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Namugongo Martyrs Shrine (Catholic Basilica) by Justus Dahinden (1973)
Namugongo Martyrs Shrine (Catholic Basilica) by Justus Dahinden (1973)
Namugongo is located in Uganda
Location in Uganda
Country  Uganda
Region Central Uganda
District Wakiso District
County Kyaddondo
Constituency Kyaddondo East
Municipality Kira, Uganda
Elevation 3,870 ft (1,180 m)

Namugongo is the name of a township in Central Uganda.


  • Location 1
  • Uganda Martyrs 2
  • History 3
    • Canonization 3.1
  • Uganda Martyrs' Secondary School 4
  • Points of interest 5
  • See also 6
  • References 7
  • External links 8


Namugongo is located in Kyaliwajjala Ward, in Kira Municipality, Wakiso District, Central Uganda, approximately 16 kilometres (9.9 mi) northeast of Uganda's capital Kampala.[1] It is bordered by Nsasa to the north, Sonde and Bukeerere to the east, Bweyogerere to the southeast, Naalya and Kireka lie directly south, Kyaliwajjala lies to the southwest and Downtown Kira lies to the west and northwest of Namugongo. The coordinates of Namugongo are:0°23'43.0"N, 32°39'57.0"E (Latitude:0.395289; Longitude: 32.665835).[2]

Uganda Martyrs

On 3 June 1886, thirty-two young men, pages of the court of King Mwanga II of Buganda, were burned to death at Namugongo for their refusal to renounce Christianity. Some of the men were Anglican and others were of the Catholic faith. Annually, on June 3, Christians from all parts of Uganda, East Africa and other parts of the world congregate at Namugongo to commemorate the lives of the Uganda Martyrs and their dedication to their religious beliefs. Crowds have been estimated in hundreds of thousands in some years.[3]


The Namugongo Shrines were first recognised by the Late Joshua Serufusa-Zake (1884 - 25th June 1985) when he was the Sabaddu of Kira Sub-County (1827 - 1928). Joshua Serufusa-Zake constructed a structure at the Namugongo site, where it appears shrines were built later for prayer.

His interest in Christianity was enhanced by his father's participation in the wars that brought Christianity to Uganda. Joshua Serufusa-Zake's father, Semei Musoke Seruma Katiginya had earned a name for brevity 'Ngubu' from the wars. It might be of interest to note that Joshua Serufusa-Zake was born in 1984, just a year before the killings of Uganda Martyrs started.


Twenty two of the Catholic martyrs were canonized by Pope Paul VI on October 18, 1964 and are regarded as saints in the Catholic Church. A basilica has been built at the spot where the majority of them were burned to death. A church stands at the place where the Anglican martyrs met their death, about 2 miles (3.2 km) further east from the Basilica of the Uganda Martyrs. Documentation is available on forty five martyrs but it is believed that many more believers met their death at the command of Kabaka Mwanga II between 1885 and 1887.[4]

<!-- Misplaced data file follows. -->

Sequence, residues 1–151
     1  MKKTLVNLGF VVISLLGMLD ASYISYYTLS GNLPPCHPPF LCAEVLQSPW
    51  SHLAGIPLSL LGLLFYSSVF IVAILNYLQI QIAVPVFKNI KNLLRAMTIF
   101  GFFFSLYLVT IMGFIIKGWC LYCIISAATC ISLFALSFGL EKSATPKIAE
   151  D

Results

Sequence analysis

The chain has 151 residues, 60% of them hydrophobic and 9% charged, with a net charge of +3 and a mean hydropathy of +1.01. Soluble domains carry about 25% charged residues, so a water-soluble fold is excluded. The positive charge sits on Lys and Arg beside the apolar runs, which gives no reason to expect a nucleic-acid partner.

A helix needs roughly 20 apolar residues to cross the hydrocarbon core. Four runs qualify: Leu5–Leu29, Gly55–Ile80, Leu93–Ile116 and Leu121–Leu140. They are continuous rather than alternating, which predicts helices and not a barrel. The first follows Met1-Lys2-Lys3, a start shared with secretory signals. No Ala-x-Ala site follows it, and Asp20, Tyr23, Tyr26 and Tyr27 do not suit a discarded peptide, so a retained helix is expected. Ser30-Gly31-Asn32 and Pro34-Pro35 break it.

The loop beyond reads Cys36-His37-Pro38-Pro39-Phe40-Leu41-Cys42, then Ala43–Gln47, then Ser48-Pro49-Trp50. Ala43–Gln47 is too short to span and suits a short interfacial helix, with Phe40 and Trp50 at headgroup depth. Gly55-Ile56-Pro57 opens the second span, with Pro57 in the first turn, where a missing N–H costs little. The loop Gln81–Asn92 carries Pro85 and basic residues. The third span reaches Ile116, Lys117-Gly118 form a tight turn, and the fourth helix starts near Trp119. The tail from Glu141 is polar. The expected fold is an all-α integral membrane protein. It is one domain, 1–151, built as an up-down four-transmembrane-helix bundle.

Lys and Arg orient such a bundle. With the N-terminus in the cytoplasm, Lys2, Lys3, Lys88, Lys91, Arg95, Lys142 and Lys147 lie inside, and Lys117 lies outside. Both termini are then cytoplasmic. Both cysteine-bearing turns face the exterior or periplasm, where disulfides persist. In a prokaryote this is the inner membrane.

Uganda Martyrs' Secondary School

Namugongo is the location of Uganda Martyrs' Secondary School, one of Uganda's leading high schools. The mixed boarding school is a partner with the Stephen Shames Foundation, based in Brooklyn, New York State in the instruction of Information Technology methods and applications to high school students in Uganda.[5][6]

Points of interest

The following points of interest are found at Namugongo or near its boundaries:

  • The Uganda Martyrs Basilica: A place of worship affiliated with the Roman Catholic Church.
  • The Anglican Uganda Martyrs Shrine: A place of worship affiliated with the Church of Uganda
  • Uganda Martyrs Primary School: A public, mixed, elementary school (grades 1-7)
  • Uganda Martyrs Senior Secondary School: A public, mixed, boarding high school (grades 8-13)
  • Uganda Martyrs Nursery & Daycare Centre: An early education institution erected to commemorate 75 years since Namugongo Roman Catholic Parish was established in 1935.[7]

See also


  1. ^ "Road Distance Between Central Kampala And Namugongo With Map". Retrieved 18 July 2014. 
  2. ^ Google, . "Location of Namugongo At Google Maps".  
  3. ^ McCarthy, David (3 June 2006). "Uganda Martyrs Day: June 3rd". GadgetVicar.TypePad.Com. Retrieved 18 July 2014. 
  4. ^ "The Christian Martyrs of Uganda". Retrieved 18 July 2014. 
  5. ^ Ssenkaaba, Stephen (1 July 2007). "Uganda Martyrs Secondary School Namugongo Turns 40".  
  6. ^ Haguma, Gloria (12 May 2014). "A School Living Up To The Might of Its Name".  
  7. ^ Ssenkaaba, Stephen (6 February 2014). "Namugongo To Unveil Martyrs Jubilee Monument".  

External links

  • Uganda Martyrs Senior Secondary School, Namugongo

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